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'Thérèse Raquin' review: Keira Knightley triumphs

Keira Knightley in a scene from "Thérèse Raquin,"

Keira Knightley in a scene from "Thérèse Raquin," directed by Evan Cabnet at Studio 54. Credit: Joan Marcus

Being engrossed in "Thérèse Raquin" at Studio 54 feels a lot like curling up with a juicy, 19th century romantic novel or losing oneself in a passionate period drama on BBC. In fact, Emile Zola's 1867 heavy-breathing tragedy has been told often in print, film and on TV, not to mention in two operas and, in 2001, a short-lived Broadway musical, "Thou Shalt Not," transported from France to 1940s New Orleans by Harry Connick Jr.

But the Roundabout Theatre is giving Broadway a strong, rare taste of the real thing. This is a suspenseful, beautifully staged adultery-and-murder thriller that, with the emotionally translucent Keira Knightley making her Broadway debut in the title role, left me feeling as if I had been somewhere faraway for just under three hours.

That somewhere is not, for the most part, a sunny place. Nor does the play, adapted with conversational elegance by Helen Edmundson, leave more than genuine admiration for the shivery pleasures of good storytelling. This is more than enough.

The world was not a happy place for Thérèse, raised as an orphan/servant by her aunt (gloriously played by Judith Light), then married off to her aunt's adored, physically fragile son, Camille (portrayed as a selfish eccentric but not an entirely hateful one by Gabriel Ebert).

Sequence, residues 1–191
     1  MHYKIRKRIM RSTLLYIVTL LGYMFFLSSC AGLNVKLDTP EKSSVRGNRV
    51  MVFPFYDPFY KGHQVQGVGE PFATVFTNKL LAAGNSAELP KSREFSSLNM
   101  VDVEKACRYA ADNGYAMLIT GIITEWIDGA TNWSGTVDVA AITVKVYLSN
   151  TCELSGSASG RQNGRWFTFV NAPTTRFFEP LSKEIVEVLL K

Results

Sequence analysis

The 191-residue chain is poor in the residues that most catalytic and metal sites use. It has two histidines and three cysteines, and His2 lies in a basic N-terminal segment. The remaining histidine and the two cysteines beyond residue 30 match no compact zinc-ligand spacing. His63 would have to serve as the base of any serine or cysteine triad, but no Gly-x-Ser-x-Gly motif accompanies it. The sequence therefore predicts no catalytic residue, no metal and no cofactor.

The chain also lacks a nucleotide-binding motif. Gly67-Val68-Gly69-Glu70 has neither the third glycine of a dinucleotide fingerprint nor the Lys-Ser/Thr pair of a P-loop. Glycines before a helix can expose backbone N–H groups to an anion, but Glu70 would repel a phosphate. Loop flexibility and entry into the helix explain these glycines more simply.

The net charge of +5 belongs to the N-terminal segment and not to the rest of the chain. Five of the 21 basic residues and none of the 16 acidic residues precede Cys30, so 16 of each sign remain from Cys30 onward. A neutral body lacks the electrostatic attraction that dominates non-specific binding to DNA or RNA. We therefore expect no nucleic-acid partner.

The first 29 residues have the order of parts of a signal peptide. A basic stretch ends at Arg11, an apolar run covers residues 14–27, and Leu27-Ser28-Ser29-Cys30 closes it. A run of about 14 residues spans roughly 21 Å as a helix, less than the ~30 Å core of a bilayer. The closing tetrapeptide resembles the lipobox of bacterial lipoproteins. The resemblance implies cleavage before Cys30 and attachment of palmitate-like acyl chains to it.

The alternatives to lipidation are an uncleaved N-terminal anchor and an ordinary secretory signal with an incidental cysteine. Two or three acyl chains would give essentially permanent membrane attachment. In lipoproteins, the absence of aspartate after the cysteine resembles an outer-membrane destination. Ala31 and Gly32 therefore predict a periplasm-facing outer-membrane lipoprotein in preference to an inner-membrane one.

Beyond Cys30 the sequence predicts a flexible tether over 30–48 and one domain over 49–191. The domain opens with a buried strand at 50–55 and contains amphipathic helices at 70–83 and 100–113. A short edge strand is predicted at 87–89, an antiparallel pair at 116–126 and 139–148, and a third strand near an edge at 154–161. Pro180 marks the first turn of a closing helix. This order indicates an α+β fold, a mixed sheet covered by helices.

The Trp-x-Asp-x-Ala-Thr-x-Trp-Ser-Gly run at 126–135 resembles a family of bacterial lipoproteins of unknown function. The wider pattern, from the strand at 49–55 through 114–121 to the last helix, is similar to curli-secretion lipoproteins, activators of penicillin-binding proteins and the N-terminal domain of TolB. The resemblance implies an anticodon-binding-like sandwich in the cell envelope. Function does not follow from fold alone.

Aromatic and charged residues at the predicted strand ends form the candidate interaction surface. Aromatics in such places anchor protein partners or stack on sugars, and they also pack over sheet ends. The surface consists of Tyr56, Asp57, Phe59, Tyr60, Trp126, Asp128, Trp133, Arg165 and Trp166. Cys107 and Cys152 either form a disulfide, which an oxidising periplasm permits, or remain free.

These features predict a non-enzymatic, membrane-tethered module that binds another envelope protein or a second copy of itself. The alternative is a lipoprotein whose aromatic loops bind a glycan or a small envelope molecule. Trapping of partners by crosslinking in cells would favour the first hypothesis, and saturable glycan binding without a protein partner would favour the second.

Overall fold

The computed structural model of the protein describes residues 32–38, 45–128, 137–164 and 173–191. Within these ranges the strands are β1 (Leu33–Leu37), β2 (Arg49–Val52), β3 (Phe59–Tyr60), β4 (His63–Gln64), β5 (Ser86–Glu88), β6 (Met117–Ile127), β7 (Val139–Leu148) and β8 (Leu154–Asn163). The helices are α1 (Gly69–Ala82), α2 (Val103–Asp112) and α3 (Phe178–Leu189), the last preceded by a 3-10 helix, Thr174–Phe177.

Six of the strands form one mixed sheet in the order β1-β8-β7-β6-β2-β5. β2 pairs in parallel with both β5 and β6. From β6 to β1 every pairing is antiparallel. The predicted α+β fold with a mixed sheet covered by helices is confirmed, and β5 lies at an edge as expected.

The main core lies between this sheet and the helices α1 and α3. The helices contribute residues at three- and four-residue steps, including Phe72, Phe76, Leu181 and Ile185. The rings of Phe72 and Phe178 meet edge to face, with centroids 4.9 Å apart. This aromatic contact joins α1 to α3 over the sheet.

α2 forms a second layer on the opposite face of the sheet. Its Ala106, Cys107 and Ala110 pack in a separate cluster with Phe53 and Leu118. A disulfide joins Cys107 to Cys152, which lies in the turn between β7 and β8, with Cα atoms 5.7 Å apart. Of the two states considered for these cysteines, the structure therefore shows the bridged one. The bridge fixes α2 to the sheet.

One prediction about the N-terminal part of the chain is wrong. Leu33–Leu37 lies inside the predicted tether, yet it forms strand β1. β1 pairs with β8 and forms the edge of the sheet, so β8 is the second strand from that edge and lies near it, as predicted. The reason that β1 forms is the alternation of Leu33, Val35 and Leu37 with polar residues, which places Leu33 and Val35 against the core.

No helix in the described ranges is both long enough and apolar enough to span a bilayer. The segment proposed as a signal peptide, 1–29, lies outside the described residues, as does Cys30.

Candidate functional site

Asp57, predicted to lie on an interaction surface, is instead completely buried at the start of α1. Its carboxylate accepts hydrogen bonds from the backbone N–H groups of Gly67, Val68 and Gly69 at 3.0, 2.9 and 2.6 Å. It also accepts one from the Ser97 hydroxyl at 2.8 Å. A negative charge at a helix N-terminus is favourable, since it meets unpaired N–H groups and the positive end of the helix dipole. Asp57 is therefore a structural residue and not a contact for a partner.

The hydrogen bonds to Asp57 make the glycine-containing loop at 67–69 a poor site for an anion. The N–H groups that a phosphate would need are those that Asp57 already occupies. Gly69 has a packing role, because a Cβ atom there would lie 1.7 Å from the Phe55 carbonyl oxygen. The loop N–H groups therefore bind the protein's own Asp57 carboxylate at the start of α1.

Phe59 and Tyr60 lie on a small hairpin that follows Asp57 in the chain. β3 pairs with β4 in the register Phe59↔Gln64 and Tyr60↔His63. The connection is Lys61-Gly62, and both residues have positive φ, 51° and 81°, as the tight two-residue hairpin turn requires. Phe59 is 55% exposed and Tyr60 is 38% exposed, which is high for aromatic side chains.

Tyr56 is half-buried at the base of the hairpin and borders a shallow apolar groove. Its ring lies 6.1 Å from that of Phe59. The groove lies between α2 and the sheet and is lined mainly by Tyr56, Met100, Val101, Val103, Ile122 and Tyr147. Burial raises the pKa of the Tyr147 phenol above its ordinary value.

In these early scenes, Knightley's Thérèse has the passive, chiseled face of a cameo or a woman frozen on an old coin. Just watching her watch the others is meaningful. We know the young woman's stifled longings before an erotic bolt shoots between Thérèse and her husband's friend Laurent -- played by Matt Ryan with a dashing combination of lusty conviction and self-interest.

Director Evan Cabnet, in his highest-profile assignment as a Roundabout associate artist, meticulously sculpts the many scenes into a seamless, multi-textured, closed universe that opens up when characters venture into the perilous outside world with its beckoning river. Sets, designed by Beowulf Boritt, gracefully slide in fine bourgeois furniture and slide down the windows that close off all options for these doomed, guilty people.

There are enough red herrings for a sneaky, old-time mystery, enough steamy clutches for a modern bodice-ripper and plenty of Knightley to cement her reputation here as a serious stage actress.

WHERE Studio 54, 254 W. 54th St.

INFO $47-$137; 212-719-1300;

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